To wrap up marketing, I need to discuss trade shows. I discovered our local trade shows as a member of the South Carroll Business Association (SCBA). The SCBA Expo was held annually in the Spring. I found the pricing reasonable and members got an early bird discount. I decided to try it out to see if it was an effective marketing strategy.
I learned about it too late for 2012 so my first show was the SCBA 2013 Expo. I planned for my banner so it would be ready in time for the show. For my first table, I stole the mantle scarf from my fireplace and purchased a large tablecloth to place under it. I’ve received so many compliments on this retro look that I now use it in all my shows. For my display, I included my business cards, brochures, sample fancy pedigree charts, sample of my work, and old photos. I added a guest sign-in sheet. To encourage people to come to my table, I developed a slide show, running it continuously on my laptop.
Well, we were in a big gym in a local high school, there was not a huge turnout and my table was next to an exit door. I had only a couple of visitors and no one signed my guestbook. Another great learning experience. Afterward, many of the vendors gave me good advice that I took to heart and used in future shows. My budget only allowed one show this year.
While maintaining the basic display, over the years, I added many items suggested by my fellow vendors. The first suggestion I received and implemented was to hold a drawing. Apparently, visitors tend not to sign the guest sign-in sheet but they will fill out entries to win a prize. So now I need to decide what prize to give. I thought about gift cards to restaurants or electric gadgets; but, I finally decided upon a gift certificate for family research. I now award a gift certificate worth three (3) hours of my time to the winner. This has been very popular–this year my big fish bowl was completely filled.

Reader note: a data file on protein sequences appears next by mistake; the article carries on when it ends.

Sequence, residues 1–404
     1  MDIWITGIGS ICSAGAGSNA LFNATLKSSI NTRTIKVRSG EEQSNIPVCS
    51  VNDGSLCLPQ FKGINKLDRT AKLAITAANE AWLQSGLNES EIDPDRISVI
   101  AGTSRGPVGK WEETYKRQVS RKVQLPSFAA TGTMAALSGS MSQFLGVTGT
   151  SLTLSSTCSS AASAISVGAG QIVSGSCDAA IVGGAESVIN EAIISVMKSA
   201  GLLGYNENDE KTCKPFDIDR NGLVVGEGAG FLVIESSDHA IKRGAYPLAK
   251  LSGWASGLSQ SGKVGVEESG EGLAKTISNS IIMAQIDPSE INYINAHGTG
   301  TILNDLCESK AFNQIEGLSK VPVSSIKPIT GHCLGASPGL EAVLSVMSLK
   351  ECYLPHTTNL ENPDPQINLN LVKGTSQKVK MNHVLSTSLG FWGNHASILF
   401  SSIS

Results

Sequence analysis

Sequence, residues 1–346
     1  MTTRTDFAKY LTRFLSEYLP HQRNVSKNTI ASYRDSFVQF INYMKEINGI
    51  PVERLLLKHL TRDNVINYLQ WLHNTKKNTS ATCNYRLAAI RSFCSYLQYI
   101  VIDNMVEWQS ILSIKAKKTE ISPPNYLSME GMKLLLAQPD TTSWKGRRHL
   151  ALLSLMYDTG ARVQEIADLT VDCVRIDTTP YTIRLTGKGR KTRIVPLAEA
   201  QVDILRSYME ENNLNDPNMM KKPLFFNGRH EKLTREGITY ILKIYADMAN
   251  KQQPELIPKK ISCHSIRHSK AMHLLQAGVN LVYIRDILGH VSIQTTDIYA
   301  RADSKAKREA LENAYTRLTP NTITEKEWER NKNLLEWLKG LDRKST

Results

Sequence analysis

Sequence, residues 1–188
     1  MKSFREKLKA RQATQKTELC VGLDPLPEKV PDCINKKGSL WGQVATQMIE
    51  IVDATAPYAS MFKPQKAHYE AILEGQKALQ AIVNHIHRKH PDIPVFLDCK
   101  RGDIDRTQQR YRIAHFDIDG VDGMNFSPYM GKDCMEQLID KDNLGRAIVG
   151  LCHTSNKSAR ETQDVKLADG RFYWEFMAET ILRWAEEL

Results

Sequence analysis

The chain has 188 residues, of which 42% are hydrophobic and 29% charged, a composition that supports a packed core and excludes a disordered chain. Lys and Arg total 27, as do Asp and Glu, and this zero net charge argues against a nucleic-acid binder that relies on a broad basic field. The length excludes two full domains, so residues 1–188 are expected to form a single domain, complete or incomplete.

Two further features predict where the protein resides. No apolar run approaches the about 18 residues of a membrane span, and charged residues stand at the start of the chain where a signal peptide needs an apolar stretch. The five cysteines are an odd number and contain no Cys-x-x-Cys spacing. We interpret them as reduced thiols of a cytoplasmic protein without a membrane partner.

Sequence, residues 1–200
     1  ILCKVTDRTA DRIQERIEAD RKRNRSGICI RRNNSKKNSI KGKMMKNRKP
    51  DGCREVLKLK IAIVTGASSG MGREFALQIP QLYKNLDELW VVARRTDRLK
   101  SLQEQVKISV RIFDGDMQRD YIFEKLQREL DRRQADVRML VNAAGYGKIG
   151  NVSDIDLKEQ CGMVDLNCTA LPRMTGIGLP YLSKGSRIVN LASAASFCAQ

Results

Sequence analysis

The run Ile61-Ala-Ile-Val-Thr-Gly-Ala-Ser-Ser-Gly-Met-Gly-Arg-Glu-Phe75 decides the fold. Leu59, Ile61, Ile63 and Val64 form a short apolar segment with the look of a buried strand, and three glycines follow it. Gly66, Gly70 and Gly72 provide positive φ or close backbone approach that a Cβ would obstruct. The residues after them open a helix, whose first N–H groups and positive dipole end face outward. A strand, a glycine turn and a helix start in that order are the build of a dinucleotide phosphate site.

Each successive year added another feature to my display. I supplemented the display with free candy and free company pens, also very popular. I had also learned how to position my table better. It is all in who you know. In 2016 my table was against a well-lit wall and in direct view of the main entrance—right on the traffic path. I have been informed that I need to add balloons to attract visitors to the table. So far, I have held off since I think it would spoil the look, but who knows…
As to whether trade shows are an effective marketing strategy, the jury is still out. I have noticed that in this profession it can take a long time for a lead to develop into a client. I just added a client this year that attended one of my early lectures four years ago.
With this post, my marketing journey ends. My next and final topic, technical, concludes my early trip on what I hope to be an ongoing journey.
See the earlier posts in this series:
Introduction-Becoming a Professional Genealogist: My Journey–Part 1
Education-Becoming a Professional Genealogist: My Journey–Part 2
Startup Team-Becoming a Professional Genealogist: My Journey–Part 3
Business Planning-Becoming a Professional Genealogist: My Journey–Part 4
Branding & Networking–Becoming a Professional Genealogist: My Journey–Part 5
Lecturing & Volunteering–Becoming a Professional Genealogist: My Journey–Part 6